of the plant stem running the length of the stem(1). These natural fibres have
received considerable attention because of environmentally friendly alternative to
be used as glass fibres in engineering composite (2). Agro-based natural fibres
have a number of ecological advantages since they are renewable, can be
incinerated with energy recovery, low cost, low density, acceptable specific
strength properties, less concern with safety and health (e.g. skin irritation) and
give less abrasive wear to the processing equipment such as extruder and
moulds (3). Although natural fibres have a number of ecological advantages they
also possess a number of disadvantages, such as lower impact strength, higher
moisture absorption which sometime bring about dimensional changes thus
leading to micro-crack, as well as poor thermal stability, which may also lead to
thermal degradation during processing (4).

Main reason of using grass as natural fibres is to diverse the natural fiber
application due to its abundantly available. Generally grasses are only used as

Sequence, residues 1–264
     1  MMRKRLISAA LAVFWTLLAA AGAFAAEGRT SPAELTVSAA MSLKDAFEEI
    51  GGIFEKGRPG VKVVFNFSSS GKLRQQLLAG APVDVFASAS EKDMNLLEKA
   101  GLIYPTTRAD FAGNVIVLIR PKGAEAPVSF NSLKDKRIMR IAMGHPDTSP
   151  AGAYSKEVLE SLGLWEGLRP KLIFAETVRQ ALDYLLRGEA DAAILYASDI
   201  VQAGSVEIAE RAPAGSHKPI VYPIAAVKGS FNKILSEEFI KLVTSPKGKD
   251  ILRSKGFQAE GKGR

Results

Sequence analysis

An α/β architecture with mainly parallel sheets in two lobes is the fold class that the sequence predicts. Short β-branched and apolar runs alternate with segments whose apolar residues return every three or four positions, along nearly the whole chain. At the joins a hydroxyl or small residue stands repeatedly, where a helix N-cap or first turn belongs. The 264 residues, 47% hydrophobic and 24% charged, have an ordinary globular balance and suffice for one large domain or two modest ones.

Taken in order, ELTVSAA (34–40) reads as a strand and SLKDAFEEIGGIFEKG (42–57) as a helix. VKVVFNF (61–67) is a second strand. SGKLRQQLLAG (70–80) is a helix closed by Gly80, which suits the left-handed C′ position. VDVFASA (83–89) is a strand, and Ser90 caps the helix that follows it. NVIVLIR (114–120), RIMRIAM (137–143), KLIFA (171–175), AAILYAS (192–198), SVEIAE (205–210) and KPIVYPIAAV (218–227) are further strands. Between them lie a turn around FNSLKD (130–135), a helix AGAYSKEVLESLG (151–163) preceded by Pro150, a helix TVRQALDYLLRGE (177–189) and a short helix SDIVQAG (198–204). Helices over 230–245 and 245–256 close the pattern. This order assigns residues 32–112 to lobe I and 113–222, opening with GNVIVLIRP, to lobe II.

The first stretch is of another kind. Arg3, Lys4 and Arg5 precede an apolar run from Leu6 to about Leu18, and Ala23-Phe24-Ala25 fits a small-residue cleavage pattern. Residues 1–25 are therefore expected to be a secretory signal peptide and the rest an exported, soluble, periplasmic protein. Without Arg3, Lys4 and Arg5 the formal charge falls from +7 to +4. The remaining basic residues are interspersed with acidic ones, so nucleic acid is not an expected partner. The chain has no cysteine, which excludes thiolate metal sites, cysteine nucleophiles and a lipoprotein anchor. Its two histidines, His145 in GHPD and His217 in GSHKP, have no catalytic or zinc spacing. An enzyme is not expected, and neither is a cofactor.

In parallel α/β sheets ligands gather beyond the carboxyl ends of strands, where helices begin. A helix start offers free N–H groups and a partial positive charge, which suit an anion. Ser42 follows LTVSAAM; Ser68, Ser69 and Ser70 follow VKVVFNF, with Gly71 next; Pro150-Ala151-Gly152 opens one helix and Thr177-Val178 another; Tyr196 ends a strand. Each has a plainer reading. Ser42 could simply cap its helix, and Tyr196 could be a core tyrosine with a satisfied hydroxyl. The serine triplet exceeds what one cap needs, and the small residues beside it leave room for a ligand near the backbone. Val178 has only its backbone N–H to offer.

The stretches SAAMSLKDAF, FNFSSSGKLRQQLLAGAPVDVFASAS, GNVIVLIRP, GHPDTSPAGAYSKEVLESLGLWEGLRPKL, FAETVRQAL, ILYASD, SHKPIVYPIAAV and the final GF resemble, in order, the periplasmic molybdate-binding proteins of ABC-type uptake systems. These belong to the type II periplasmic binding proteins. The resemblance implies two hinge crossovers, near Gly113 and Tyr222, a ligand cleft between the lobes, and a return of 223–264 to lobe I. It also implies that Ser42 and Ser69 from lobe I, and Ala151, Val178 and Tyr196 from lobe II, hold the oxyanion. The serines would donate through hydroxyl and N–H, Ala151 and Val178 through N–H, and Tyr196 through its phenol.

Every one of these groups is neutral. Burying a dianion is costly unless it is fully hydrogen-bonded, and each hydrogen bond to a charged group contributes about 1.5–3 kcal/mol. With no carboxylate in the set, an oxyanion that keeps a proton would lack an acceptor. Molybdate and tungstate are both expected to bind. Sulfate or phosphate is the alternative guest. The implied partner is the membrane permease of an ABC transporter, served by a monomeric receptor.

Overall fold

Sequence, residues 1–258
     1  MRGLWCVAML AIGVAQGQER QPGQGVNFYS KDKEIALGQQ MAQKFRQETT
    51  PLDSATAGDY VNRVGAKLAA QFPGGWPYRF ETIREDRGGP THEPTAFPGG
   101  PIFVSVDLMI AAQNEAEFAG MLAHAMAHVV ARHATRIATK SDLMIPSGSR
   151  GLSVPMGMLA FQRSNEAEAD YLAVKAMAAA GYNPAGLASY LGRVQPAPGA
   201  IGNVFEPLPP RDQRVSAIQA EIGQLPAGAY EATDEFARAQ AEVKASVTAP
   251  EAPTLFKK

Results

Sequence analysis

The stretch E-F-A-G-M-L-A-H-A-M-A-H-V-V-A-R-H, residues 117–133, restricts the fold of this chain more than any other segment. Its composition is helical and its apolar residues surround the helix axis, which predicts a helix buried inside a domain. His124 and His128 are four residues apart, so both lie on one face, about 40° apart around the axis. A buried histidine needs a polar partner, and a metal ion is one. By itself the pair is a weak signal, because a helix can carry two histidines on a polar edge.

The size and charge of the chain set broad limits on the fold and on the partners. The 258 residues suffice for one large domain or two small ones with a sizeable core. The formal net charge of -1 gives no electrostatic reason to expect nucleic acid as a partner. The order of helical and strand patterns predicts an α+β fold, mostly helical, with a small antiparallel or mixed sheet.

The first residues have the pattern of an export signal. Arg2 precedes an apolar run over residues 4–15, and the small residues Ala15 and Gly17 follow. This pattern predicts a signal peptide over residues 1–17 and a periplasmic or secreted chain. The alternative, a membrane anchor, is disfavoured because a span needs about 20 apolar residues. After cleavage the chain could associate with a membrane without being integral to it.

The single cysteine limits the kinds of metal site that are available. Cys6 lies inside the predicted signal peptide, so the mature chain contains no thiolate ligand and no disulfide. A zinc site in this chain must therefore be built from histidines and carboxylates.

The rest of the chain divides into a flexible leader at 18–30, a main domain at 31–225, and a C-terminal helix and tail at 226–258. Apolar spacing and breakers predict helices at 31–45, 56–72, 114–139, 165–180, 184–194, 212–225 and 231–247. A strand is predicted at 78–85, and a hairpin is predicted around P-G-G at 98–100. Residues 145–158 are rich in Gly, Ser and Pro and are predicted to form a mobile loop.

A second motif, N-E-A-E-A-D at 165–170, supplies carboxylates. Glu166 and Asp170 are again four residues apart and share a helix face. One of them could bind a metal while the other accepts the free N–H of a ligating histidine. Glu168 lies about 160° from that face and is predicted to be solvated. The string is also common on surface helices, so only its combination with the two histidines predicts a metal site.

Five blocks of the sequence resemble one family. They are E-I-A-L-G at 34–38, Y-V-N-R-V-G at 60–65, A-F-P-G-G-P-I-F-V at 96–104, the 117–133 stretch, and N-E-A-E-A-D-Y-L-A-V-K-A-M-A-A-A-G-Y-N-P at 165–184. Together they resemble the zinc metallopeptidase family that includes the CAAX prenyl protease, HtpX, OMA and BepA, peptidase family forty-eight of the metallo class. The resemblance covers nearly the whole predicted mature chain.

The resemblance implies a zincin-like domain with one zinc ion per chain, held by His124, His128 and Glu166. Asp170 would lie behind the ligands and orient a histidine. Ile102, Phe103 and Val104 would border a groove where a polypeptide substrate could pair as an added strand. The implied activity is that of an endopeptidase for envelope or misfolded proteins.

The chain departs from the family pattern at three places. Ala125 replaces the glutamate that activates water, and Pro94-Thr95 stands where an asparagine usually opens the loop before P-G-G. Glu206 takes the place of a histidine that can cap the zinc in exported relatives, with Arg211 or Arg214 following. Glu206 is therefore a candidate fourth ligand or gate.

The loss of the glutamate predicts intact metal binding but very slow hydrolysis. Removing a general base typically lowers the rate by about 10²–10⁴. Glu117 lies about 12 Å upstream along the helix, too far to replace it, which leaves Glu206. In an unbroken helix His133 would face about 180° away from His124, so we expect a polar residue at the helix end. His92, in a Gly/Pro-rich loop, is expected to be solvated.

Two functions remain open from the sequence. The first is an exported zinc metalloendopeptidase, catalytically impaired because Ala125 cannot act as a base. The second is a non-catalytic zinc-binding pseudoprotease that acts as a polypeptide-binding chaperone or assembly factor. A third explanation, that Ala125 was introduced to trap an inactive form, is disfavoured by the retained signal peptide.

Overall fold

feed for livestock or used to modify contaminated soil. The aim of this research is
to use Malaysian Foxtail grass as natural fibres to produce composite panel. In
this study the effect of grinding time to the percentage of grass fibre weight loss
and the differences in size were studied. Flexural strength was used as
mechanical properties measurement for the composite panels produced. The
effect of water absorption on the composite panel was also investigated.

2.0 Materials and Methods

Cut out Malaysian Foxtail grass was obtained locally in Perlis and dried in the
lab. They were then identified as raw grass (non-ground), short fibre ground
grass and long fibre ground grass.